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Lesson Plans


Re: postcards & original works

[ Thread ][ Subject ][ Author ][ Date ]
Karen Hurt (khurt)
Mon, 5 Oct 1998 09:33:59 -0400 (EDT)


At 06:15 AM 10/4/98 -0400, you wrote:
>
>Now, the real reason I'm writing is to ask about other ways of using
>postcards. Do any of you have tried and true activities, games, writing or
>other experiences that you love doing with your students?

Yes. I let children sift through my piles of postcards to choose one for an
activity, (They don't know what the activity is.) but this way I can be
assured that they are choosing a work that they respond to positively to
begin with. I have a variety of "New works from old works" activities
including:

Making a miniature
Making an oversize
Drawing main geometrical shapes and spaces
Cut out/collage of main shapes and spaces
Drawing/painting in contrasting colors
Reproducing a section in collage or mosaic
Xerox and include in a new work - either expansion of borders or picture
within a picture

BUT -- There are so many reproductions! Beautiful, informative, decorative,
but so flat!!! I believe that it is important to bring in as much original
art to students as possible and I share my own collections of old prints,
and maps, watercolors, oil paintings, sculptures, etc and invite others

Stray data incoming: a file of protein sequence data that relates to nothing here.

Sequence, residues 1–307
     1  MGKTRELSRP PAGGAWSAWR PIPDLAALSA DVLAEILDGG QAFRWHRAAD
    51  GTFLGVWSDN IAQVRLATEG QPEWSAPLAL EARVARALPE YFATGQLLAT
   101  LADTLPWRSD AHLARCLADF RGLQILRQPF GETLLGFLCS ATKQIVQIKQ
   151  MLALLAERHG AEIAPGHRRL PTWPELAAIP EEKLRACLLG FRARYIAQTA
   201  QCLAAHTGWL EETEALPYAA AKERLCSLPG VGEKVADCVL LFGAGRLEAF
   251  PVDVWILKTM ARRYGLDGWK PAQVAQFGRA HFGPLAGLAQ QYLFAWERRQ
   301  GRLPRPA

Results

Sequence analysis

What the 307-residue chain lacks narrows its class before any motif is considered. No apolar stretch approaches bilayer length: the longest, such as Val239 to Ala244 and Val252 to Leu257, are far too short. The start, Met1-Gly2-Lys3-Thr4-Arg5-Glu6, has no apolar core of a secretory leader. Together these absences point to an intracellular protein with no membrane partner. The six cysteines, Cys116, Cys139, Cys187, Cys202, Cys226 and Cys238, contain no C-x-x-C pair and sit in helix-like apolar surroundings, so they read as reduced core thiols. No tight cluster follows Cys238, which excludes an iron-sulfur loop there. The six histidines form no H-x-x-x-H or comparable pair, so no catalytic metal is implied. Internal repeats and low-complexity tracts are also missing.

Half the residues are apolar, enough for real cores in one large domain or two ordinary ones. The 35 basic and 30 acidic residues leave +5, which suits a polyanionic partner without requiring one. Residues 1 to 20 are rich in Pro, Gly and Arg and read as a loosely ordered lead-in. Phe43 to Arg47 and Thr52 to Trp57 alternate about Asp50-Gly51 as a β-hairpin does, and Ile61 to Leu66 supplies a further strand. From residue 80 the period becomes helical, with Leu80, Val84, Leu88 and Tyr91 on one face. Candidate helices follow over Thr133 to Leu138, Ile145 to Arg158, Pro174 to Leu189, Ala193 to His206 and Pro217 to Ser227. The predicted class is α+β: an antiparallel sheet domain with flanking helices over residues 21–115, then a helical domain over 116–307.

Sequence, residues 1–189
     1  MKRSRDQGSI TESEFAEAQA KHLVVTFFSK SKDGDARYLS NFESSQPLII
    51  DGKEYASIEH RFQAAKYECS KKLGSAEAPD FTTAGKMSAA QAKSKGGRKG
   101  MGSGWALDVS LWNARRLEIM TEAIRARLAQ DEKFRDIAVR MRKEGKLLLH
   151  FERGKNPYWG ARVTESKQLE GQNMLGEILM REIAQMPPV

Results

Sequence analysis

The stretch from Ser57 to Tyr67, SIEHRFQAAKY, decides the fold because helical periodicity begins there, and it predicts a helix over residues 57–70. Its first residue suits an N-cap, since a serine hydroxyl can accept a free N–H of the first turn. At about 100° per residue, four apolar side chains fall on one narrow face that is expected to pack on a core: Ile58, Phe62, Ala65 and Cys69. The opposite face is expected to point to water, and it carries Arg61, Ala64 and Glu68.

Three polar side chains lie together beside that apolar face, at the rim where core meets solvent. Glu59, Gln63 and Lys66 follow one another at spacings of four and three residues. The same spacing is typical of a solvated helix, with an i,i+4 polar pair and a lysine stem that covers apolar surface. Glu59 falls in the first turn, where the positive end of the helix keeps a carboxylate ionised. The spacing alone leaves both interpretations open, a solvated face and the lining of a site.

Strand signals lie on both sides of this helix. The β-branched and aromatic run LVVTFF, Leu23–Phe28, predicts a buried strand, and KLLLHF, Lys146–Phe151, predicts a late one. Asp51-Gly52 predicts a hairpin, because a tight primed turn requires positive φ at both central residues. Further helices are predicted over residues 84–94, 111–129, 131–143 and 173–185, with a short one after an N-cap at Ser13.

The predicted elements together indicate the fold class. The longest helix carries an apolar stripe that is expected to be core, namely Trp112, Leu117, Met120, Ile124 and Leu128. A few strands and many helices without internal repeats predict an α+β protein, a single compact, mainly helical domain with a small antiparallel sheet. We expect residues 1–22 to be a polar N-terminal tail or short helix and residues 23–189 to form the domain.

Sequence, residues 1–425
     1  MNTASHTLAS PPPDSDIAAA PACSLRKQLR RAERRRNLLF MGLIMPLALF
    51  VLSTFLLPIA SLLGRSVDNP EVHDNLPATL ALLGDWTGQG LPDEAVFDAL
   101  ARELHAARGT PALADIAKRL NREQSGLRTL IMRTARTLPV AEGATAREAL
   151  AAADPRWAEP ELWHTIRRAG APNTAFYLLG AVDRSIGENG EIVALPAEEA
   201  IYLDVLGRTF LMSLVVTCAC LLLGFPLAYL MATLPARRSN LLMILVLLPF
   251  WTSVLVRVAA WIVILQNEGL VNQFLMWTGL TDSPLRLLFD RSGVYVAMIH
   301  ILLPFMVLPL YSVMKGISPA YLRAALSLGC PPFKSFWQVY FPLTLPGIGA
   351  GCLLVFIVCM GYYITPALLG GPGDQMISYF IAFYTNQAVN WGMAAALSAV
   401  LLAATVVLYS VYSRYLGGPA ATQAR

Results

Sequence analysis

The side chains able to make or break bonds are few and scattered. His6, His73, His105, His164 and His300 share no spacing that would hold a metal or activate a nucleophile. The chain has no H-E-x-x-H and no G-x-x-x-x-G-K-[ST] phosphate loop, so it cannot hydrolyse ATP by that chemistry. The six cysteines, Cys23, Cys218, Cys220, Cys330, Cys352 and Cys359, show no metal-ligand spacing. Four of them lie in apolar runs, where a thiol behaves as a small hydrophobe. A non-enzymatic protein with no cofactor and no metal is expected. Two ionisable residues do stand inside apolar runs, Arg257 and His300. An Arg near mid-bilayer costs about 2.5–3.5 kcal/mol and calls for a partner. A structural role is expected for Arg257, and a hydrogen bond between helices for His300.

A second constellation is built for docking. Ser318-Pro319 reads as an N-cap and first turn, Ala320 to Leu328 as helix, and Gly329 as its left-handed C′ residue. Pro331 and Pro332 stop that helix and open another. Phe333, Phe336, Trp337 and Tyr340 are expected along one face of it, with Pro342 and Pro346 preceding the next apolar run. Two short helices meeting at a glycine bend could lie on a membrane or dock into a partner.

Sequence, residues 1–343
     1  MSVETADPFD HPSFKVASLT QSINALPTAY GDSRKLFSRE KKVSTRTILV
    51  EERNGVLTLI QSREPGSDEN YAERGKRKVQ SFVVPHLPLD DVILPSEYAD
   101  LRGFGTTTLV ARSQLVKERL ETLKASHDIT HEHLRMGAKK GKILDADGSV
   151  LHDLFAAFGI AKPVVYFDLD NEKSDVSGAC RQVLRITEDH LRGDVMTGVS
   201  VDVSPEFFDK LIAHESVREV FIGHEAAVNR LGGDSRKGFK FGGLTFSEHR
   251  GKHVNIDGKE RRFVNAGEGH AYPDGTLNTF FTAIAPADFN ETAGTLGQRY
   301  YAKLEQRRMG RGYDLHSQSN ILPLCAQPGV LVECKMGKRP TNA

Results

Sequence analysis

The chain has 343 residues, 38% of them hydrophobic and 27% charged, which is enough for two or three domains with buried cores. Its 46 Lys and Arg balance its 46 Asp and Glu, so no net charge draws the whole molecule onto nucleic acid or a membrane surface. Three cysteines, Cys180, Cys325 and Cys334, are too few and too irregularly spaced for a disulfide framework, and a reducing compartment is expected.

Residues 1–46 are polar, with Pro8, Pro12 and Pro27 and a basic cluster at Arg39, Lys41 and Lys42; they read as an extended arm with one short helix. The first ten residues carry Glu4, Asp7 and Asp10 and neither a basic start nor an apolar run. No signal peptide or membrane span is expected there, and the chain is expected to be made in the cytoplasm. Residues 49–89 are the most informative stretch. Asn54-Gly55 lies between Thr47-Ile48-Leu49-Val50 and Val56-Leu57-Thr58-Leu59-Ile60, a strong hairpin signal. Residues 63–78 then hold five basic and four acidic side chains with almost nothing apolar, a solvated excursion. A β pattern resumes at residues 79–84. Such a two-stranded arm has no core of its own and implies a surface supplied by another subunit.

from the community to do the same -- there just doesn't seem to be any way
of letting kids really see what old paper was like -- sometimes thick,
sometimes fragile, how deep the incisions of an etching go or how much
texture they have, how the colors on a watercolor can sparkle, flaking paint
on an oil or tempra, the pencil marks in the margin of an unframed work.
(Now, I really don't bring anything I couldn't live without.)

My students approach original art with awe, but yes I do guard it like a
hawk, never leave originals out or unattended, and have guest collections
supervised by the owners. Nothing valuable left in the space overnight.
Why tempt fate?

Have there been accidents? A few, but my kids know the difference between a
signed limited edition reproduction of a painting and an original work.
It's been worth it.